We’ve been friends for a while, and I have learned over time to pretty much ignore your rants on denominationalism, recognizing a disconnect with those expressions of faith. But given the latest ramping up of attack with your new Ecclesialeak feature, especially given that you’ve attacked my tribe first, I feel I have to make some comments along the way.
First of all, I have to say that I find (as you did) the document regarding hosting of Bishop’s fairly ludicrous and outside the way I would operate if I were in that role (which is probably which I will never be a Bishop). There is no doubt that some of this document flies in the face of notions of servant leadership, humility, that the first shall be last, yada, yada, yada. I am sure that the person who wrote the document was trying to be helpful in facilitating the logistical concerns of Episcopal visits, but failed to recognize how this document sounds as a whole. At least this Bishop actually seems to be intentional about being in local congregations on a regular basis, something that isn’t always the case throughout the UM world.
Of course, one has to be careful in reading any document with little understanding of the underlying context (something I think we learn in our exegesis classes in seminary). Given what I am reading, I would not at all be surprised to learn that this comes from one of our ethnic bishops, men and women whose context for ministry is significantly different than yours and mine, and for whom issues of hierarchy and authority are more pronounced. I have experienced this especially in regards to our bishops from the Korean community, a context in which the Bishop’s spouses often speak of their spouses by title rather than by name. Do these expressions of authority and hierarchy make me cringe? Of course they do, but I am a white guy who grew up in the middle of a college campus in the 1960’s, a time when authority of any kind was being challenged . . . and I carry that baggage with me wherever I go, and that spills over into my interpretation of scripture as well.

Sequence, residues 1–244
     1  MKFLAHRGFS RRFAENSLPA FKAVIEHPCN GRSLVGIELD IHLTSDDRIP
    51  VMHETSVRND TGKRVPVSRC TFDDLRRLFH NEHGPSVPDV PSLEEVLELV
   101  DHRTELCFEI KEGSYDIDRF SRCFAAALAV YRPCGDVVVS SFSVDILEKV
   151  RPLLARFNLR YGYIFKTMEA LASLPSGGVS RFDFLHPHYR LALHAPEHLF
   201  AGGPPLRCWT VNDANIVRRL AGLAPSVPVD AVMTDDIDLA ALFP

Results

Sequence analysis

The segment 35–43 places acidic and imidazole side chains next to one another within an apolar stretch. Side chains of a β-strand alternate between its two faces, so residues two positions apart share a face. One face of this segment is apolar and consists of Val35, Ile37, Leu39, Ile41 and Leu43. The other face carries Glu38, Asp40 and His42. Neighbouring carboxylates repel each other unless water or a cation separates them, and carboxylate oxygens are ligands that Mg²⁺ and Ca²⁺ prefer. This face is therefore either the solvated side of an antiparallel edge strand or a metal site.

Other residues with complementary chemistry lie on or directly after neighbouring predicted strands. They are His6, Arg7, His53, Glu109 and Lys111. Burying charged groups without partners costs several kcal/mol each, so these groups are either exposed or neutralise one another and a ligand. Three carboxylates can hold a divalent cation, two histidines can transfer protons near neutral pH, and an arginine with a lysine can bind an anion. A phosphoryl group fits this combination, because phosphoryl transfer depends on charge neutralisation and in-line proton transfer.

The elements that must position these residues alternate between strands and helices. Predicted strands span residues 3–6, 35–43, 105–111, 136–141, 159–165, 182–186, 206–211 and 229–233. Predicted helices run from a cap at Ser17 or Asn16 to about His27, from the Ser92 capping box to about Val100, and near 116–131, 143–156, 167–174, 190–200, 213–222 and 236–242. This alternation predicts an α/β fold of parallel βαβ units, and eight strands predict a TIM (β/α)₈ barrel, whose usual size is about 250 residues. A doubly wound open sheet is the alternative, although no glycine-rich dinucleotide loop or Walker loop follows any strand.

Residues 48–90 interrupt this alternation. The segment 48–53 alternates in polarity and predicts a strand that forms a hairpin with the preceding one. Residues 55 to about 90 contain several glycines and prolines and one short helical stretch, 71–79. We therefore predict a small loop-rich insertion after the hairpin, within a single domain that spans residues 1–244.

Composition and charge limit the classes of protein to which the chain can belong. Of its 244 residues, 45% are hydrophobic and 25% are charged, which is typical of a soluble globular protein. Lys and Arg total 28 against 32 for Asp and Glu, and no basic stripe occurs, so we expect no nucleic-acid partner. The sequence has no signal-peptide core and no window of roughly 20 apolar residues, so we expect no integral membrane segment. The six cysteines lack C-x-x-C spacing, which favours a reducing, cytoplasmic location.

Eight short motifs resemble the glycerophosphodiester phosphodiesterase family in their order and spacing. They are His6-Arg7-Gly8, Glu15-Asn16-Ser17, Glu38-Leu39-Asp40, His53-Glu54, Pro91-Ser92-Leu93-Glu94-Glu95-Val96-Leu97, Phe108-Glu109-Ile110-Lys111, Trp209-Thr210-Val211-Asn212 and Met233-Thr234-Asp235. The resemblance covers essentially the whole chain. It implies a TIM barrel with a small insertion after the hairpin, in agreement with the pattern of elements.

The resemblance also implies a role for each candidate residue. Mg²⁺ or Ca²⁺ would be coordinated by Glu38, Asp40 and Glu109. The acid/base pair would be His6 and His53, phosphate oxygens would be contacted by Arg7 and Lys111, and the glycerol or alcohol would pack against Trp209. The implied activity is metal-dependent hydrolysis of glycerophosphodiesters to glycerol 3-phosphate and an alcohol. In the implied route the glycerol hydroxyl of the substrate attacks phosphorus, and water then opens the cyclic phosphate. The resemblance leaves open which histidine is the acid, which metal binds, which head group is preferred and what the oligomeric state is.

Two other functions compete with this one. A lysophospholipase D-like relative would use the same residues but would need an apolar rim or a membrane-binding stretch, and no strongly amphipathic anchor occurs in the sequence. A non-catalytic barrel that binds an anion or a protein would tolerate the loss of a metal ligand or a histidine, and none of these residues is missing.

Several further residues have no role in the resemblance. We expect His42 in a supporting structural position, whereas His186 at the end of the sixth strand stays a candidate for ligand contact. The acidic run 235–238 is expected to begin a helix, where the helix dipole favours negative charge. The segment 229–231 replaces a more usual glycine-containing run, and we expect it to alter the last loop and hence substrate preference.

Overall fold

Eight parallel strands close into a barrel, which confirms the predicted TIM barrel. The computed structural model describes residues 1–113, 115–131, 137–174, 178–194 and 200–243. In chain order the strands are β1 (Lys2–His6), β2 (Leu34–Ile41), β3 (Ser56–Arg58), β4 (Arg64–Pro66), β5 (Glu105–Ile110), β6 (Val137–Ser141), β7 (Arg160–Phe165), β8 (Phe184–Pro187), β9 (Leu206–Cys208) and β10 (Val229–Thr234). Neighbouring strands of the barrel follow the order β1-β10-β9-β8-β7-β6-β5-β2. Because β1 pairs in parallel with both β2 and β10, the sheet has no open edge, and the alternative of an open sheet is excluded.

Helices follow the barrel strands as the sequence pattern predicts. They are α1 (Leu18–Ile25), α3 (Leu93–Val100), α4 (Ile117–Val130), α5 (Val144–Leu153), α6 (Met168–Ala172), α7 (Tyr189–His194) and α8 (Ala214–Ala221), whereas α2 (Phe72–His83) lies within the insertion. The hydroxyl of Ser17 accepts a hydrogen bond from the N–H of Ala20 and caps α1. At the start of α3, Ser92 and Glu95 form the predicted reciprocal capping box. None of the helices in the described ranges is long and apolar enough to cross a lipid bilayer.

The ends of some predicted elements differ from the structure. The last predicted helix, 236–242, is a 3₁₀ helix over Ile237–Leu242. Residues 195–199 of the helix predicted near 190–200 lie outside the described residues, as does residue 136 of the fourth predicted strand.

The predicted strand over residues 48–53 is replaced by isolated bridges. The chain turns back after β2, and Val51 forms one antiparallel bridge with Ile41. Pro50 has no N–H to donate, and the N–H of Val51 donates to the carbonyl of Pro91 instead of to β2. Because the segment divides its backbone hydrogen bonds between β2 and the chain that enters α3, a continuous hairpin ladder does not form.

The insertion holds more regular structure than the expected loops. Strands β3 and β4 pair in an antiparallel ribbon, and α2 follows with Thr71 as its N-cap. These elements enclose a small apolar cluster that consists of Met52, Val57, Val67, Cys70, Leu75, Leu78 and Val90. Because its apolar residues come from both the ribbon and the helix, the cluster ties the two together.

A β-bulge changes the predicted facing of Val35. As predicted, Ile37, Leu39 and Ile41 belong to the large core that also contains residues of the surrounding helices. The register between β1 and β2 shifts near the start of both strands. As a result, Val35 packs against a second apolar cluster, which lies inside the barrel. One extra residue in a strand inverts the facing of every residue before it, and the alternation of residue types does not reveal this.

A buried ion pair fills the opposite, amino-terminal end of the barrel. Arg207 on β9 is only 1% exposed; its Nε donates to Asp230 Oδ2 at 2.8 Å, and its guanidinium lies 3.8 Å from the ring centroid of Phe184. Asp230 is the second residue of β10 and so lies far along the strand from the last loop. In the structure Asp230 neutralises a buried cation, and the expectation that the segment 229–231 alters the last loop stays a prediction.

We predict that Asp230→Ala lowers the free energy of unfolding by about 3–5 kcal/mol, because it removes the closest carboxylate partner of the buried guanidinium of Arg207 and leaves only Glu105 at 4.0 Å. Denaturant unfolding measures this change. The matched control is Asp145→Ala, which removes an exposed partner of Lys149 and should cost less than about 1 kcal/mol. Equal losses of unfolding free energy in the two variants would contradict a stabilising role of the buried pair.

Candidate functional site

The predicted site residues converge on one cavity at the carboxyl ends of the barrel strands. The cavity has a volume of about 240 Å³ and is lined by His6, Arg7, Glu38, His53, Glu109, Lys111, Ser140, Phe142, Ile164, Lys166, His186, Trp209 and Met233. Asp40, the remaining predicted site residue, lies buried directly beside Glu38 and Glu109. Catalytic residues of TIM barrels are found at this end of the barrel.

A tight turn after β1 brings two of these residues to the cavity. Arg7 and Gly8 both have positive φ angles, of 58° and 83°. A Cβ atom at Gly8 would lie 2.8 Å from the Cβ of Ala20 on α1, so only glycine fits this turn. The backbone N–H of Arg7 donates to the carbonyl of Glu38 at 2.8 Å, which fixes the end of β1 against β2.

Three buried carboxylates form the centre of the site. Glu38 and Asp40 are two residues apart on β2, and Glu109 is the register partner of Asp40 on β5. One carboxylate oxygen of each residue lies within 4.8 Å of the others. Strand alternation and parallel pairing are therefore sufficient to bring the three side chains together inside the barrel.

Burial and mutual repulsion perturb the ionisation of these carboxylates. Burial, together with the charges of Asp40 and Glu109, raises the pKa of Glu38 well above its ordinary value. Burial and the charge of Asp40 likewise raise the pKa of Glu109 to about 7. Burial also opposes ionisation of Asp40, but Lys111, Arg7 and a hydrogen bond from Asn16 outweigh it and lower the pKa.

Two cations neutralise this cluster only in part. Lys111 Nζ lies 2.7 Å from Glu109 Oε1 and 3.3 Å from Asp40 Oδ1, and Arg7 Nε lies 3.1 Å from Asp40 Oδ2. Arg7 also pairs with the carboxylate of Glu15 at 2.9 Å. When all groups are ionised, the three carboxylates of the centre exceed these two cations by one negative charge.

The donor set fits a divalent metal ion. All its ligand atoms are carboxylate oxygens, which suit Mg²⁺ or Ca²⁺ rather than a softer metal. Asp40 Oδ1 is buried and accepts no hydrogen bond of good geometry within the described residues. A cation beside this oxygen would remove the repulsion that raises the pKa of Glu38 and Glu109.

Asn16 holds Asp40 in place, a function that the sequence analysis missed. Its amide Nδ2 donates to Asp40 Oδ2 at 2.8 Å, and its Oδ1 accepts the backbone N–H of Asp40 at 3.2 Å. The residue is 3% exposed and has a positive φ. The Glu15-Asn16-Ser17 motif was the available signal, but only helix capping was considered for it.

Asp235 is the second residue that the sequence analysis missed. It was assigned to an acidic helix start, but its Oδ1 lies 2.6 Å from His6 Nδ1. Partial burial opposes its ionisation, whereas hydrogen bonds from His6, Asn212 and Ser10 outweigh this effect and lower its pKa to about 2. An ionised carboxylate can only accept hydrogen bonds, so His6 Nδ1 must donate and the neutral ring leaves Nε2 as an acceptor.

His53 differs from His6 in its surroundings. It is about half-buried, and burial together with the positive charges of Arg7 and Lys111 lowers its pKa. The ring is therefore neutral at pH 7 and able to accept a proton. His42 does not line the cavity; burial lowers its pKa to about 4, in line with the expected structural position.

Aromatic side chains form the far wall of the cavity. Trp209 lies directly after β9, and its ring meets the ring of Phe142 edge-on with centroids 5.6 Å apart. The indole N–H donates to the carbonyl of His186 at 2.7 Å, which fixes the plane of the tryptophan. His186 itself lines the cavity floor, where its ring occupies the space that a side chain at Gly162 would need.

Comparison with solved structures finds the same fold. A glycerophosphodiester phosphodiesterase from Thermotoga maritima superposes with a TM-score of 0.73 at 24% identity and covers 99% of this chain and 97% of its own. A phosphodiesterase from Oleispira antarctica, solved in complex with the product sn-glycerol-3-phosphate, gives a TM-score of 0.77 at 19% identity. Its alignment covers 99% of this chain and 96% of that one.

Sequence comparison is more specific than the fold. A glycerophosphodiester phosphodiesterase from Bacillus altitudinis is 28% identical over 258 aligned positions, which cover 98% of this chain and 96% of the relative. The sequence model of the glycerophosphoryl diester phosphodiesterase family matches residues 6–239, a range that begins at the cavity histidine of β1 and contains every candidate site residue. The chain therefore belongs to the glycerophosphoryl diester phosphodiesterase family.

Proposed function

Look, denominations like any institution, have their problems. Just as we will always have the poor with us, so too will we likewise have the push and pull that comes when any group of people forms an organization and tries to carry out some task in the world. Are we flawed and broken, influenced by culture in ways that seem antithetical to the scriptures? For sure. But find me ANY organization of people, even Solomon’s Porch, where issues of culture, human experience, and desire don’t find their way into the communal life. Check back with me in a couple of hundred years after Solomon’s Porch has been through several cycles of life and I would be shocked if issues of culture are running rampant through that place as well.
It’s easy to stand on the outside and point a finger from afar (which is, in fact, what your Ecclesialeak feature will do), and there are times when we need prophets from the outside to point out the flaws that we can’t see. All I ask is that you take care to recognize that there is no uniform United Methodist context, that there are cultural issues WITHIN large groups like denominations, and that you are willing to humbly admit to the places where will all fall short of living up to the ideals of Christ. As important, there must be a recognition of your contextual baggage – the discomfort with authority and hierarchy, your white, middle class Minnesotan upbringing, etc. – that informs how you respond to these concerns.
Are you right? Do denominations reflect modernism more than the gospel?
I suppose it depends on your context.